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Midweek Mingle: Capturing Community

community

Ugh. I want to start by apologizing for missing last week. I went camping the weekend before and ended up with food poisoning. Last time I agree to let anyone else cook chicken for me. Needless to say, I was out of commission for a bit. But now I’m back at full force and ready to get going again.

I’ve talked a few times in this column (all right, more than a few) about the QUILTBAG+ community, but never really in any way relating to writing. Well, I’m here to rectify that mistake.

We, as SF/F writers, are normally at least moderately well-versed in including an outside culture in our writings. I mean, how else are you going to make your Venusians believable if you don’t adapt their holidays for the retrograde spin or the incredibly long days?

Well, if you’re looking to be more inclusive of the QUILTBAG+ community in your fiction, and you’d like to do it in a manner relatively in line with the real world (If you’re writing a completely alternate world, then I can’t really help. Sorry.), one of the best ways to capture the experience is to capture the culture shared by the QUILTBAG+ community.

I’m not about to say that every QUILTBAG+ person fits into this, or fits into anything, because it’s not true. But there are a lot of common things shared within the community. Even the meanest, cattiest (I’m surprised my spellchecker didn’t blow up at that word. Wow.) people I’ve met in the community will stand up to defend someone being harassed. They don’t have to get along with each other. Not to say that some wouldn’t stand by, but most wouldn’t, because we’ve pretty much all been on the receiving end of some pretty nasty commentary. That’s one of the big ones to look at when/if you go about putting in a cultural component of the QUILTBAG+ community into your work.

I’d say the other one that really captures the community at large (again, not everyone) is the sort of casual nature that runs rampant there. Yeah, there’s a lot of high-strung people in the QUILTBAG+ community, just like anywhere else. Humans are stressful little monkeys, after all. I think we can all agree to that. But within the QUILTBAG+ community, I’ve always noticed that people are more likely to cross barriers that are hard and fast in the rest of our culture (My experience is with US culture, so the lines re obviously going to differ depending on where you/your character(s) is(are) from.).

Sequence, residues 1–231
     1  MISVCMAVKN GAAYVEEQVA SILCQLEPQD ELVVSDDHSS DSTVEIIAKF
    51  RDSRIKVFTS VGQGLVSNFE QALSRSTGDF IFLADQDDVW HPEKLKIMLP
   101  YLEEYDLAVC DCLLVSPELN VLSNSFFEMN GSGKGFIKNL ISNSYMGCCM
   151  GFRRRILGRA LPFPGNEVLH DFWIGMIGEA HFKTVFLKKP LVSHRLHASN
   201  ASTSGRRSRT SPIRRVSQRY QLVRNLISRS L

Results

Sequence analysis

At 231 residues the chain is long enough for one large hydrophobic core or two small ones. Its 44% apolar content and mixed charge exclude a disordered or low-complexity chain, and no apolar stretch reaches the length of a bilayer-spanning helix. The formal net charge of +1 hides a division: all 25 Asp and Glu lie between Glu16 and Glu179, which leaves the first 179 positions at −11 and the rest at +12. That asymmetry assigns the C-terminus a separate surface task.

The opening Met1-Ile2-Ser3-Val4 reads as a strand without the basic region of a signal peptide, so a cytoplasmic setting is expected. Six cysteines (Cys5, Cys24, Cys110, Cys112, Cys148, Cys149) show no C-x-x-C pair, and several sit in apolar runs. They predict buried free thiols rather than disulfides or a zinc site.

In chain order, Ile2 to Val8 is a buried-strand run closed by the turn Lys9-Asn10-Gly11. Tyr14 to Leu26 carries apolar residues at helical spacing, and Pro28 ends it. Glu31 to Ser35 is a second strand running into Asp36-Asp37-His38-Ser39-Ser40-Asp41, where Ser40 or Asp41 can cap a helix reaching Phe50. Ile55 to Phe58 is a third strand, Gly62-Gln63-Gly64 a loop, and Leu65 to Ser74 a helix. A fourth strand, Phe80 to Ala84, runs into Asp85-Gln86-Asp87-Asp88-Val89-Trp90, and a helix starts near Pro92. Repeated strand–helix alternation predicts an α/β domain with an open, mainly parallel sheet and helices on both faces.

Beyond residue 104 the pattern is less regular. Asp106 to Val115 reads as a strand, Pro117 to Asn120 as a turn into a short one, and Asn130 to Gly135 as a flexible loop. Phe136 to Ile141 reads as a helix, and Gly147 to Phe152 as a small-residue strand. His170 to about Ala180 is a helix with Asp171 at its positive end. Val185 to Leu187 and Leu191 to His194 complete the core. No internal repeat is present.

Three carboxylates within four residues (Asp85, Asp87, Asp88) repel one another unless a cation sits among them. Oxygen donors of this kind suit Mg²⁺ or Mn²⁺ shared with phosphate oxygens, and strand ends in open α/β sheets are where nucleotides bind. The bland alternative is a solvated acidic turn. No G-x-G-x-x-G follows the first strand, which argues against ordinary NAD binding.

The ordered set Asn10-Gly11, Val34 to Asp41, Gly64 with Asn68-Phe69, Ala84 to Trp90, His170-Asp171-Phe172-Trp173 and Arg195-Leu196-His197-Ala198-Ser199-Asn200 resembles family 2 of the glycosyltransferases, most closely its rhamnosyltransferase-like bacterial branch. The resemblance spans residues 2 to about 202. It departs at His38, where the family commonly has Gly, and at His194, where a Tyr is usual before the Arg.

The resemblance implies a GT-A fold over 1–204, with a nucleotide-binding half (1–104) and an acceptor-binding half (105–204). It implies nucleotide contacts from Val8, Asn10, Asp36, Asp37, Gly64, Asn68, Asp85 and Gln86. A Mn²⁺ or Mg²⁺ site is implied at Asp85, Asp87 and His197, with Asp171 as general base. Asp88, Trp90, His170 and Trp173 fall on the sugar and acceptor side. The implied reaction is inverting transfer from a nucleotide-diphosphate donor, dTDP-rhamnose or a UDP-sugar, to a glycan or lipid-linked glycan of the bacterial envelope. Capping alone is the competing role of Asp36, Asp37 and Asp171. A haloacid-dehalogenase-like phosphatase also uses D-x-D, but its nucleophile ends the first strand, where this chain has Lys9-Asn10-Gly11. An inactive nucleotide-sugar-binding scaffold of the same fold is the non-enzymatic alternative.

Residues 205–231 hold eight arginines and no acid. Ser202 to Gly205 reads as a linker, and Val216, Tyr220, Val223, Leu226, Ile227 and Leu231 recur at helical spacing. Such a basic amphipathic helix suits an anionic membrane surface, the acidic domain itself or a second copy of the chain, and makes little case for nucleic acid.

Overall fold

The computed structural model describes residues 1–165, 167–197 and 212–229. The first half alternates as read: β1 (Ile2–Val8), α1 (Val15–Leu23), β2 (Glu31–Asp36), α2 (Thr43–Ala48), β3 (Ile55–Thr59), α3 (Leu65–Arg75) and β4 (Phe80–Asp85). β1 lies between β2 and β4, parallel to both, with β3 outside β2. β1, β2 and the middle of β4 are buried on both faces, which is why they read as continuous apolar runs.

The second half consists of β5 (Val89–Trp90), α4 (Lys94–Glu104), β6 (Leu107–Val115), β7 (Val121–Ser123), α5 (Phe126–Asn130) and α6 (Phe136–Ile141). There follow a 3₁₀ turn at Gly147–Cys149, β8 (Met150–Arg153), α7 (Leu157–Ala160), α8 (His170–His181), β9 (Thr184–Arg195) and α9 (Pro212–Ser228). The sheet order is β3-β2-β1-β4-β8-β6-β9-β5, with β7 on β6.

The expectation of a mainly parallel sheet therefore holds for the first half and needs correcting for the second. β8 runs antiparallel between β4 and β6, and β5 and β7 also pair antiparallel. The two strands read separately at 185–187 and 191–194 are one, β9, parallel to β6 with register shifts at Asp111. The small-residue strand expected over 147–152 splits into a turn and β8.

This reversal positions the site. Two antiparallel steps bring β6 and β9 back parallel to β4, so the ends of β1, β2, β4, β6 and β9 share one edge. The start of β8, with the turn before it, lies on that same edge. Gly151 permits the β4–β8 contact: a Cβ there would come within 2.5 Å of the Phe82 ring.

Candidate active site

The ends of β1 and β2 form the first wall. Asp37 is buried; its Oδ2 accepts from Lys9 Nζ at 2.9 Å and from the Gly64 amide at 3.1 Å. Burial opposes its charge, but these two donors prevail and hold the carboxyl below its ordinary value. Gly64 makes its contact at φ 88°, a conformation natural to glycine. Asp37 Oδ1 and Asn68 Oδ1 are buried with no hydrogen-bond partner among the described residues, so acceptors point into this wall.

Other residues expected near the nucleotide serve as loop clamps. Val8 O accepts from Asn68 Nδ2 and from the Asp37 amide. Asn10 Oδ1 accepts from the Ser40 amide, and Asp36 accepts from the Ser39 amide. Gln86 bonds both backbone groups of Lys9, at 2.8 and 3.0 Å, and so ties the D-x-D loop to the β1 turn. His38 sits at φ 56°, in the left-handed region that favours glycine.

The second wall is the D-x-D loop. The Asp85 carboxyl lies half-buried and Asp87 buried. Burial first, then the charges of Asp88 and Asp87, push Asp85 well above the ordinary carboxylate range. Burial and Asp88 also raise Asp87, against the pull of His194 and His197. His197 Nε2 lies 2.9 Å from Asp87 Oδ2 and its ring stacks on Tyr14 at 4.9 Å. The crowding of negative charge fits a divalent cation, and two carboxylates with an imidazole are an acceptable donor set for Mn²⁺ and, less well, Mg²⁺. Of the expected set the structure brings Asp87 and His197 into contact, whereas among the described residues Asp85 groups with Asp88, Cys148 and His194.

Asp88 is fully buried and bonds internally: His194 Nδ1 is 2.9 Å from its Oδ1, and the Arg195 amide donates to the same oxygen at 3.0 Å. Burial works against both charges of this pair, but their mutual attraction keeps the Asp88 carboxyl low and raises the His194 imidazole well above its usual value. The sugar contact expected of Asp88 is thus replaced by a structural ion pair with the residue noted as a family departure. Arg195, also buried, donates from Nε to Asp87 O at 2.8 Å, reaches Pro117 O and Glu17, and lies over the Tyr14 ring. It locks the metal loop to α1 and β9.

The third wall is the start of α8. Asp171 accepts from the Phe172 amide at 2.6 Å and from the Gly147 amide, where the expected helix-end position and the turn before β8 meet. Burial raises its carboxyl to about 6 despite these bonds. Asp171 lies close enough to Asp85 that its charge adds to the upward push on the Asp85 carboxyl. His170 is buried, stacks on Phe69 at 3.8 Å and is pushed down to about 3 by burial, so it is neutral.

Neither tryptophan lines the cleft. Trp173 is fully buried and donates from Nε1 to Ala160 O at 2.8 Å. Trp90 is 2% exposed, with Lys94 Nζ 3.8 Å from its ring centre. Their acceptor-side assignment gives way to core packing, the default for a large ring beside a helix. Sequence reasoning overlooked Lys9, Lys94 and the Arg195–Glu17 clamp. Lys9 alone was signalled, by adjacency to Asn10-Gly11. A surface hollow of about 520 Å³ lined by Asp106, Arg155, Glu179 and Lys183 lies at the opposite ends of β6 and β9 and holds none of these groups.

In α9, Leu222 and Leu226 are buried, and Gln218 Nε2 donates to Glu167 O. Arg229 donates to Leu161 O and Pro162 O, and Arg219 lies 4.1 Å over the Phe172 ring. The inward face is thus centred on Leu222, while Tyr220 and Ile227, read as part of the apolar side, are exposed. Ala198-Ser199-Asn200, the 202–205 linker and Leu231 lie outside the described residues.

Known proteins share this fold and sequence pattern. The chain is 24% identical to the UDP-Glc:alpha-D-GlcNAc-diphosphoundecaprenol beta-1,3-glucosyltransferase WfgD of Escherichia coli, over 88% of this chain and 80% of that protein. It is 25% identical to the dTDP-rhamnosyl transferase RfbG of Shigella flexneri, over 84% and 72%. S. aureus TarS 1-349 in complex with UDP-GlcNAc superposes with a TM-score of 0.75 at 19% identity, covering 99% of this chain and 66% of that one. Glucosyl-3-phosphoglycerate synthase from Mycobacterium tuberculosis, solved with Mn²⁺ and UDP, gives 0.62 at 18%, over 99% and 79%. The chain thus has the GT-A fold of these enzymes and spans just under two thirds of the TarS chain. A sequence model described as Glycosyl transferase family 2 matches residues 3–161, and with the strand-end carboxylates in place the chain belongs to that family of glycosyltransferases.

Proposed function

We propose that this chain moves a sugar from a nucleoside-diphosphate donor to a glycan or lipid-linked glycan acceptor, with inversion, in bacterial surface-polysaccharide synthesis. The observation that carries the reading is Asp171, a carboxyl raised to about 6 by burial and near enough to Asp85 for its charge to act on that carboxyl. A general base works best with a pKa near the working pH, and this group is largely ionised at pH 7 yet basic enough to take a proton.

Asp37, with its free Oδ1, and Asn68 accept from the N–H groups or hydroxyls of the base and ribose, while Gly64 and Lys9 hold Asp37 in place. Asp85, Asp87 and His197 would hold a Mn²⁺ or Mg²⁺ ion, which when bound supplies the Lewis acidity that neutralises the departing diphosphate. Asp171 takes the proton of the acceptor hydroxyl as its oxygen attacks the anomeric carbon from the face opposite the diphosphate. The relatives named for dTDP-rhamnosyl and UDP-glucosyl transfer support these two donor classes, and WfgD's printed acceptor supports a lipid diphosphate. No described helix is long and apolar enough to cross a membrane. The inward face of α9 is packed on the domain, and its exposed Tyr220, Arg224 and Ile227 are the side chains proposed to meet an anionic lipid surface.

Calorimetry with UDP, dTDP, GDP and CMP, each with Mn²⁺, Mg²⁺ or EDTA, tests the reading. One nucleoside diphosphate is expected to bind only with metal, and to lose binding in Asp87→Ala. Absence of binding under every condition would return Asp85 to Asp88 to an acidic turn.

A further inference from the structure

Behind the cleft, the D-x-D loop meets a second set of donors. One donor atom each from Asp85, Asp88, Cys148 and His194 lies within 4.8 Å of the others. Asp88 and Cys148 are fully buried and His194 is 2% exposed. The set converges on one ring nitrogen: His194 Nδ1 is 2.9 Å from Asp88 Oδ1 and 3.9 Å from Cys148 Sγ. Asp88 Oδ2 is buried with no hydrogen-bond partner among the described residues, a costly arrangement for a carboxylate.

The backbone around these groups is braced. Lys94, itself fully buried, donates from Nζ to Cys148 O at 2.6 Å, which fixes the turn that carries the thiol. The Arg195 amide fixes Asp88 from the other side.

I remember walking into a house inhabited solely by gay men once. It was set up that way, so they had a safe place to stay. There was no hello. There was only kissing and hugging. Not romantic, just a thing that happens. It was just normal. Putting an arm around your friend while you’re just chilling is normal. It’s not uncommon, when I’m hanging out with other members of the community, for them to lay on me while we talk.

Of course, the best way to find things out about any culture is to actually go immerse rather than to listen to me or any other blog post. I would say that these two things are something just to keep in mind while doing other forms of research, because they’ve always caught my attention. And of course, no individual character is going to be a perfect stereotype all the time (At least I hope not.). I’ve said this before about various different topics I’ve covered here, but it bears repeating: talk to people within the QUILTBAG+ community. Put yourself into figuring these things out, and you’ll find yourself much more likely to make your fiction mingle.

1 thought on “Midweek Mingle: Capturing Community”

  1. I’ve worked with gay men before and not a single one of them fit into a just single category of ‘this is a gay man’ because everyone is more than a stereotype. Now, as a stay at home mom who has little free time for socializing in person, I don’t get to immerse myself in any “real-life gay culture” to help fuel my writing, unfortunately. I’m part owner and admin of a large website featuring gay fiction, and there is a thriving community of gay members who I interact with on a daily basis (often to deal with a lot of drama, yes! LOL) But we also have a lot of forums filled with on many different aspects and events of life and writing–sometimes with a gay theme and sometimes not. If nothing else, it reminds me that all of us are just people, man, woman, gay, bi, straight, gender-fluid, whatever… and sexuality is something that should be a part of who we are, but not all we are. I like to make my characters the same way, letting them be gay but also be fathers, brothers and sons as well as business men, leaders, photographers, alien world explorers, etc… in a world filled with both gay and straight characters. I don’t want everyone to be gay or every event to focus on that aspect of the characters, so usually other than the fact that my romantic leads (if I have a romance) are into other men, I don’t focus on how to make them seem any particular way. So far, I’ve never had anyone come right out and say, “Your men are not believable as gay,” so I’d like to hope I get at least some of it right.

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